it both ways
Group seeks funds from
Laughlin power plant owners for lost jobs, environmental
damage they created
By Suzanne Adams, Kingman
Miner Staff Writer
June 1, 2007
LAUGHLIN - Despite its closure, Mohave Generating Station
may still be generating electricity for the tri-state
area in a different way.
The Flagstaff office of the Sierra Club,
the Navajo Nation, Hopi Tribe, Grand Canyon Trust, Black
Mesa Trust, Black Mesa Water Coalition, Indigenous Environmental
Network and To' Nizhoni Ani have created the Coalition
on a Just Transition Plan. The coalition is negotiating
with Southern California Edison and the California Public
Utilities Commission to get just compensation to the
Navajo Nation and Hopi Tribe for environmental damage
to their lands and economic damage to the communities
due to the shutdown of the power plant.
When the plant shut down, approximately
200 workers at the Black Mesa coal mine lost their jobs.
Most of those workers were members of the Navajo Nation
or Hopi Tribe.
The Native American communities also
lost royalty dollars from the sale of coal to Peabody
Western Coal Company. Peabody supplied coal to the plant
through a coal slurry pipeline that according to Sierra
Club's Web site, sucked up 1.3 billion gallons of water
from aquifers under the two reservations.
The Just Transition Coalition started
work on negotiations as soon as the plant shut down
in December 2005. The same month the coalition presented
a unique plan to the CPUC, requiring SCE and the other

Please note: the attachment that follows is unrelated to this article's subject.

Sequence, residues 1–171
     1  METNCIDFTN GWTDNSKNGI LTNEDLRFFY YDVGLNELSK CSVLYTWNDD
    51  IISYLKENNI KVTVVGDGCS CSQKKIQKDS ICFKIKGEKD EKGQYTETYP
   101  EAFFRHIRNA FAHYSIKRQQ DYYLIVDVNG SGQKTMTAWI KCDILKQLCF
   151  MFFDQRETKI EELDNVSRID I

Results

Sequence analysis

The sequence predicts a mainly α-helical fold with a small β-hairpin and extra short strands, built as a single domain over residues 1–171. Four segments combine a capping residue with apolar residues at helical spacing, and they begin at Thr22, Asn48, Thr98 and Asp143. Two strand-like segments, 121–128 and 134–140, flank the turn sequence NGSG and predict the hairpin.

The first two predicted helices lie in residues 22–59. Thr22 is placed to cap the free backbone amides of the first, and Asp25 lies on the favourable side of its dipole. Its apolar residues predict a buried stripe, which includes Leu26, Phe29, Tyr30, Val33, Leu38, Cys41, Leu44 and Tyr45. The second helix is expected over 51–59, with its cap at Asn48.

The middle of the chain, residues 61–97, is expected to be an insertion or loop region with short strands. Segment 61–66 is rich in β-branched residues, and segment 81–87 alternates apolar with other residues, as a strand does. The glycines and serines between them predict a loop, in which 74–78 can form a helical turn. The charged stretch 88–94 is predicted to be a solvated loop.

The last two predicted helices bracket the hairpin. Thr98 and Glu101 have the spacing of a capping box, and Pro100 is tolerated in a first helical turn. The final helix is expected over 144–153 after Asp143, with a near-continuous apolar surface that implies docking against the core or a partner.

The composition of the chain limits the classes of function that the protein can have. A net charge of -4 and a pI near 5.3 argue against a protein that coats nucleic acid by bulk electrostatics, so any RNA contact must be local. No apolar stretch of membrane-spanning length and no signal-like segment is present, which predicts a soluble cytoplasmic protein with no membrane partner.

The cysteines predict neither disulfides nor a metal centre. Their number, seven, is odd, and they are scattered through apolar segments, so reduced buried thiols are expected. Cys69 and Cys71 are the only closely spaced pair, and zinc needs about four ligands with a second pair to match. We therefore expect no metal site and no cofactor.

owners to put money from the sale of pollution credits
from the plant into an escrow account to be used for
the creation of a renewable source of energy and jobs
on tribal lands.
Andy Bessler from Sierra Club and spokesman
for the coalition said he thinks this plan may be the
first of its kind. Amendments to the Clean Air Act in
1990 created the pollution credit system. It allows
electric utilities to emit one ton of sulfur dioxide
a year per credit. The incentive is that if a power
plant can lower the amount of sulfur dioxide it produces
by one ton it can sell a credit.
In March 2006, the coalition held a
workshop with the CPUC. The CPUC agreed to mediate an
agreement between SCE and the coalition about the use
of funds from the sale of the pollution credits.
In May 2006, the CPUC required SCE to
keep track of and retain funds from the sale of any
pollution credits from the plant until an agreement
was reached on what to do with the funds.
According to the agreement, the funds
will be held in the escrow account until the two tribes
can develop and start to implement a plan for an alternative
energy plant using wind or solar that will create jobs
on the reservations. The power can be routed to California
and the funds from the sale will go back to the reservations.
According to the Sierra Club's Web site,
the two tribes would cease getting funds from the escrow
account in 2026 when the plant's Colorado River water
allotment would expire.
At this time, SCE has said that it and
the other owners of the plant have not decided what
to do with the pollution credits, the plant and the
property the plant sits on.